Drs. Rand & Buehler Overview - 2
Rand & Buehler at Camp Travis Texas 1918
Camp Travis (San Antonio, Texas) was established in July 1917 as one of sixteen National Army Camps in preparation for U.S. involvement in World War I. The camp, which had a capacity of just under 43,000 men, was set up to train the 90th “Tough ‘Ombres” Infantry Division. Colonel (Dr.) Irving W. Rand reported as the commanding officer of the Base Hospital at Camp Travis in January 1918, "in the throes of a mumps and measles epidemic"; the Spanish Flu pandemic struck the Camp in October 1918. Colonel Rand had served as a medical officer in the Philippines, China, and at many U.S. Army bases
Major (Dr.) Eugene Buehler was a prominent Indianapolis physician, public health secretary, and medical officer in both the Spanish American War and World War I. Dr. Buehler was an assistant surgeon with the 160th Regiment Indiana Volunteer Infantry during the Spanish American War, and served in Cuba during the winter of 1899. In 1904, he was appointed the Secretary of the Indianapolis Board of Public Health, and served that position until 1910. Buehler volunteered to join the WW1 Army Medical Reserve Corp (MRC) in September 1917, and was named the Camp Sanitary Inspector at Camp Travis (San Antonio, Texas) in March 1918.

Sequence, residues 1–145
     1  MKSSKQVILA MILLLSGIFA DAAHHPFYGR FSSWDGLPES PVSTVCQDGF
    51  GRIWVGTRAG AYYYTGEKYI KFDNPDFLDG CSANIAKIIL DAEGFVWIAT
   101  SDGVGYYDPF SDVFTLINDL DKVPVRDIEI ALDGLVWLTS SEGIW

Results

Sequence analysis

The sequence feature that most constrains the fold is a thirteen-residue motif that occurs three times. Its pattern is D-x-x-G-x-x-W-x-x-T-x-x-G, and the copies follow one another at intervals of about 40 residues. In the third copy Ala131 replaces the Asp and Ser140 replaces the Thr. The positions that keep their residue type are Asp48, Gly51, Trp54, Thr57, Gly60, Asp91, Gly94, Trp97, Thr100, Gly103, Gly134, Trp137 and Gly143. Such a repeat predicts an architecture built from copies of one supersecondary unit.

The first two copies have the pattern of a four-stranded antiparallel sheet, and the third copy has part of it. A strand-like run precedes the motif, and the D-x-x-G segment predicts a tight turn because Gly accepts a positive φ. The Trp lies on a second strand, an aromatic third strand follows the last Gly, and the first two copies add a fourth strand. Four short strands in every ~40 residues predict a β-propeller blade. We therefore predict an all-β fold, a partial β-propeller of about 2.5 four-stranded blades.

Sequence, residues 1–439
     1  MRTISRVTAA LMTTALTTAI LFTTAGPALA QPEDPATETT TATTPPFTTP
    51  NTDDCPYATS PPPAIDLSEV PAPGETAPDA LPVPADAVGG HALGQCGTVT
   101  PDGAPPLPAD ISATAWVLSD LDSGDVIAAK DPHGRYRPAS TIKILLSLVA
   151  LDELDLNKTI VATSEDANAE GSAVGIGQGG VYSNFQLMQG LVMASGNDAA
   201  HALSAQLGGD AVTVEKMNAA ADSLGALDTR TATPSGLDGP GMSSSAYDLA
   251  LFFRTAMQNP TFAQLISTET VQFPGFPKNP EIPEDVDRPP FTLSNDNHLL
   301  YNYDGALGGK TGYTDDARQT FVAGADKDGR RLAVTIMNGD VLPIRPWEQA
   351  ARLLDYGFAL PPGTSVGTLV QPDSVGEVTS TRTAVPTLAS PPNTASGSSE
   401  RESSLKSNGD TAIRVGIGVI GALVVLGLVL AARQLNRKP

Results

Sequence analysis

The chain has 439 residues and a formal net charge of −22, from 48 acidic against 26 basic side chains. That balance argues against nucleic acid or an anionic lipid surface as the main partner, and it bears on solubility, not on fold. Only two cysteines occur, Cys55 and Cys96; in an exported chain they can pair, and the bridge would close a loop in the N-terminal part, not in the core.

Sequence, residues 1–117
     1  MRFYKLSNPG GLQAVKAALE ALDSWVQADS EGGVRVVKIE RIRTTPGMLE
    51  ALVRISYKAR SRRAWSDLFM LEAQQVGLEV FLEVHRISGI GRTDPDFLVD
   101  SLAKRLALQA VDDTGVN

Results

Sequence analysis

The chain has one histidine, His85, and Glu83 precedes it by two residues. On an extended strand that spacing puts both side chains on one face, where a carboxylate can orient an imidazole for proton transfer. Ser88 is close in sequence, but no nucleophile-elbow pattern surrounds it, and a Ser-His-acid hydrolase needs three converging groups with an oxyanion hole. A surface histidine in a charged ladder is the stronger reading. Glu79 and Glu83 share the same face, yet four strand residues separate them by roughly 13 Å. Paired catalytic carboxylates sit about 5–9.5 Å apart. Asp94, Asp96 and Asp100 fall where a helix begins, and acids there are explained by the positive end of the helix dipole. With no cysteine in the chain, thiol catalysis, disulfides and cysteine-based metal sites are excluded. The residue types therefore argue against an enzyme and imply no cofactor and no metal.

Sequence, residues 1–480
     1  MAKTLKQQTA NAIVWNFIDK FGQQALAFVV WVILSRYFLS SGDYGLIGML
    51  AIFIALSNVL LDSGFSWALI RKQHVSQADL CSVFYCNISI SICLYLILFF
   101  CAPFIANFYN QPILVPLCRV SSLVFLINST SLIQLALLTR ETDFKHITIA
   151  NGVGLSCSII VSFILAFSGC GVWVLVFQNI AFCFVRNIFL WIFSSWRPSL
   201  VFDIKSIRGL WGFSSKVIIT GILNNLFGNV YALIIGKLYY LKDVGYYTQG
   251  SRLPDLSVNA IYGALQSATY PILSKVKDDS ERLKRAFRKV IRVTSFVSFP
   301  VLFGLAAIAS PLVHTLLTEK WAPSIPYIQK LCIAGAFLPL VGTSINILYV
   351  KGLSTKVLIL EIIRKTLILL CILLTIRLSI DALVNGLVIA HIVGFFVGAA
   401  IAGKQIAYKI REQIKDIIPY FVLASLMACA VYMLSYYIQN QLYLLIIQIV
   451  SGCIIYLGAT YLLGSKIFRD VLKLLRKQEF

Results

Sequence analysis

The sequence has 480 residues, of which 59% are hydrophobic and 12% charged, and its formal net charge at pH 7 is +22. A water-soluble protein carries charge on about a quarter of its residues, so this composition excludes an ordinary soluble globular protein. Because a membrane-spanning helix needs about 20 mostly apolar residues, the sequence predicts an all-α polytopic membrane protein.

The history of the Dr. Rand, Dr. Buehler, and the Base Hospital are documented in the 1918 book, "Camp Travis And Its Part in the World War"; a PDF copy can be downloaded at: https://archive.org/details/camptravisitspar00camprich/mode/2up
Rand & Buehler from the "Camp Travis" book
In the photo of General Estes' staff (pg. 20), note that Eugene Buehler appears to be wearing his Illinois watch (circled in red).